Thursday, August 21, 2008

Park Ranger Stan Jones


Park Ranger Stan Jones
by Doug Evans

During my many years of living in, growing up in, and working in Mount Rainier National Park, I was privileged and honored to know some of the finest people in the world. Each was special for his or her own personal and unique qualities and abilities. Some stand out in my memory for also being interesting and unusual characters. Stan Jones was one of these. Stan was truly a real character.

Stan entered on duty as a park ranger in March, 1945. He and his lovely wife, Olive, were assigned to NPS quarters #23. They were both vivacious friendly people and quickly became popular members of the Longmire community. Stan sported a perpetual broad grin, was frequently amused and chuckling. But, one thing did not please Stan: Pacific Northwest weather. Stan was born and raised in Douglas, Arizona, on the Mexican border, and yearned to get back to his beloved Southwest desert.

Stan’s great passion was country western music. Never shy, he always brought his guitar to social gatherings and, without encouragement, would begin to play and sing. Even though he could not read a note of music, Stan composed many of his own songs, including the lyrics. At these occasions, groups would often begin to disperse, politely drifting off to the kitchen or bathroom. Nobody seemed to appreciate Stan’s talents. But, this did not discourage Stan.

Before Christmas Stan organized the Longmire young folks to go caroling. We met in the back dining room of National Park Inn around the ancient upright piano to practice. Stan’s inability to read music was so total that he could not strike the first note on the piano to give us the proper pitch. So, obviously, his musical composing and performances were strictly by ear.

Finally the NPS gods smiled down on Stan and he was offered a transfer to Death Valley. He was ecstatic, he thought he was going to park ranger heaven. Once there, his habits didn’t change. One evening while on duty with a film crew from Hollywood, Stan immodestly pulled out his guitar to entertain the group. He impressed and amazed some of these folks by playing one of his own compositions: “Ghost Riders in the Sky”. Some from this group introduced Stan to the right people in Hollywood, and Stan’s NPS career was soon over. With hit recordings by stars like Vaughn Monroe, Sons of the Pioneers, Marty Robins, Johnnie Cash, et al, Ghost Riders was on top of the charts for many months. Finally Stan had found an appreciative audience. How wrong we at Longmire had been back in 1945.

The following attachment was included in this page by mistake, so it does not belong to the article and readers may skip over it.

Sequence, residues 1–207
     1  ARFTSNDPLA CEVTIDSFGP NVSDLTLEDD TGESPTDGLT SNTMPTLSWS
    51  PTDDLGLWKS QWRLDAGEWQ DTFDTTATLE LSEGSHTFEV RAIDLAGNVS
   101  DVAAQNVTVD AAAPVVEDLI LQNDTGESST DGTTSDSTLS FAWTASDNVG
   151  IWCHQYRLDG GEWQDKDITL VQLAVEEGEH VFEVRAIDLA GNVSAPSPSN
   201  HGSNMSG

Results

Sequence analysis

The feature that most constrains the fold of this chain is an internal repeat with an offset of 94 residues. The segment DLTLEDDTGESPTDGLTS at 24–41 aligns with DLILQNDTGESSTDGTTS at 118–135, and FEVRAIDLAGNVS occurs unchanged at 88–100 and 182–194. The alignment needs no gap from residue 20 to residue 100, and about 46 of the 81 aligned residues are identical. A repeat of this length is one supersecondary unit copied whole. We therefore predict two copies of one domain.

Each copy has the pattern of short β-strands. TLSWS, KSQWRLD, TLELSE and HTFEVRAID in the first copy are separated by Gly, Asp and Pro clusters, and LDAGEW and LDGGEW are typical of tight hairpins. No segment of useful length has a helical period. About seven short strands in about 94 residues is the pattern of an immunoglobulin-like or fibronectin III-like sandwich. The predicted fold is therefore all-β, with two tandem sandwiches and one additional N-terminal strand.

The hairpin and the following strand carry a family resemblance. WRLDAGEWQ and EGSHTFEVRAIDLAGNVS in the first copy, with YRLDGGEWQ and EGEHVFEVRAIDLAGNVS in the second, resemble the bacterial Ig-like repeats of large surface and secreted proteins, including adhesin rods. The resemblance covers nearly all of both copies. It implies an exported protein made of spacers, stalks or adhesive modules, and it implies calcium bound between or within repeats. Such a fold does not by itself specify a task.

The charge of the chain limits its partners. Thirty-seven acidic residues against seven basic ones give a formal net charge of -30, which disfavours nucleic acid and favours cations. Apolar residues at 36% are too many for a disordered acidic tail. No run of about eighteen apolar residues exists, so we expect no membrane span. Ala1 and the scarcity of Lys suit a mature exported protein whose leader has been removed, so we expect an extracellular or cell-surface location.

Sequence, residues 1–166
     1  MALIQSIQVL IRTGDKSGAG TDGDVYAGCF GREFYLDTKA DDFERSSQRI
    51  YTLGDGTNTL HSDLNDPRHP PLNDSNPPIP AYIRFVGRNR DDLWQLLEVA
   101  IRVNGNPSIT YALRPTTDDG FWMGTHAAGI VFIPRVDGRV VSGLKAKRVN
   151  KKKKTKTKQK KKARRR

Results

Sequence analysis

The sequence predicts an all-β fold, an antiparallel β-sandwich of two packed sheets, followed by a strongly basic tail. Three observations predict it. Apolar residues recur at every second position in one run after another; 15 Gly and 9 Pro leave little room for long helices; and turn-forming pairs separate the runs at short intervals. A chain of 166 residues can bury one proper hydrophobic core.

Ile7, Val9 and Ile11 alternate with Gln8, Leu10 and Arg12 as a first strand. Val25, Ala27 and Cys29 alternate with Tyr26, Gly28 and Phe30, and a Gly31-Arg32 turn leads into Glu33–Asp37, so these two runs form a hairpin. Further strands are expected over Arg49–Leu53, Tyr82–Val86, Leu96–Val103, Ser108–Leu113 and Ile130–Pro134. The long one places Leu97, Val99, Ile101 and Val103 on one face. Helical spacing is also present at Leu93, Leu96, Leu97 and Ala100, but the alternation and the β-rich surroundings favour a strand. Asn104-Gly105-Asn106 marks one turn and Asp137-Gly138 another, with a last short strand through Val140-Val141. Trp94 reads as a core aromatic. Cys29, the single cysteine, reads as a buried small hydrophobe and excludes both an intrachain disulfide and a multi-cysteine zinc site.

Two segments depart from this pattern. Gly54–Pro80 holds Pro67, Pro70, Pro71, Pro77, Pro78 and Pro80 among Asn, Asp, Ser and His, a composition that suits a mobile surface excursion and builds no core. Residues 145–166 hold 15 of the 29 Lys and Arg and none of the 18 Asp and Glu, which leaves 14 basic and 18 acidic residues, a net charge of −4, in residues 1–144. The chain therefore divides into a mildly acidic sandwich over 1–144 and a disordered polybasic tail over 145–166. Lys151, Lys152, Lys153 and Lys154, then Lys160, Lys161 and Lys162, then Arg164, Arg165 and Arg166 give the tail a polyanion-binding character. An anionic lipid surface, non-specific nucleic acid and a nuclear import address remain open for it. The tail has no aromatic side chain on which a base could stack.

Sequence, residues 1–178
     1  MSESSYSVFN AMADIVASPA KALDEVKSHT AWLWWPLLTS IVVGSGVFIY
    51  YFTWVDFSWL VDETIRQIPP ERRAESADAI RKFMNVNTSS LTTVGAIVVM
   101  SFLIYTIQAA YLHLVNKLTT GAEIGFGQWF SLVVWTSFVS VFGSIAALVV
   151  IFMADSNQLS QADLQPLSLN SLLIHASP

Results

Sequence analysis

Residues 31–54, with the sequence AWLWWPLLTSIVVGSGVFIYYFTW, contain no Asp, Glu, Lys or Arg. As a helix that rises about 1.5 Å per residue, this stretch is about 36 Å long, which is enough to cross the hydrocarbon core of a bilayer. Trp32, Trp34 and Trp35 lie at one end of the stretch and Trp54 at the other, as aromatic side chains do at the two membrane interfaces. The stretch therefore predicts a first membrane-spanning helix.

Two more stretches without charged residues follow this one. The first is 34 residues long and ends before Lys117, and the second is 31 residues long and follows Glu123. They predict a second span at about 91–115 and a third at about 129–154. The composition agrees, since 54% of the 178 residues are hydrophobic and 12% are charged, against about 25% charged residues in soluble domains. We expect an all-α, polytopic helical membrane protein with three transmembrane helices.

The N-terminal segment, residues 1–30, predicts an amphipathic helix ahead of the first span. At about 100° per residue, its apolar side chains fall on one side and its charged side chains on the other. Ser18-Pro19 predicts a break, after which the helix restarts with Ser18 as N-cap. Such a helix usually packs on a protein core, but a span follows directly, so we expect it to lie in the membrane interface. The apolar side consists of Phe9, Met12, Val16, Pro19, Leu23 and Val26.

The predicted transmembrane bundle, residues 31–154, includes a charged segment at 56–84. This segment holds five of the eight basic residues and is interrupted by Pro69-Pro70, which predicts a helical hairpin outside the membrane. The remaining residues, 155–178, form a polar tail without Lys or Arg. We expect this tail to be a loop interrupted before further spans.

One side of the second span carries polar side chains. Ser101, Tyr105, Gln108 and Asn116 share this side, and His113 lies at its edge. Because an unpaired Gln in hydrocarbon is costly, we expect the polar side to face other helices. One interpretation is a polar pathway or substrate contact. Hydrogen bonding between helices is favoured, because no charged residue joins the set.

That was just the beginning. Stan went on to write many songs for movies and to act in many of them: “Wagon Master”, “Rio Grande”, “The Searchers”, “The Horse Soldiers”, and many more. He acted regularly in the television series “The Sheriff of Cochise” and wrote many of the episodes.

In summer 1957, Stan returned to Mount Rainier while working on a new LP album, “Songs of the National Parks”. He came to our house for dinner one evening; we were living in quarters #23, the same house that he and Olive had occupied back in 1945. He brought his guitar, of course, and played his original version of Ghost Riders for us and some of his new songs for the National Parks album.

PHOTO: This snapshot was taken that evening in ’57 of Stan with my two children, Dan and Sue, and my younger brother, David.

Stan died prematurely in 1963 at age 49 and is buried in Douglas, Arizona. He was elected to the Western Music Association Hall of Fame in 1997.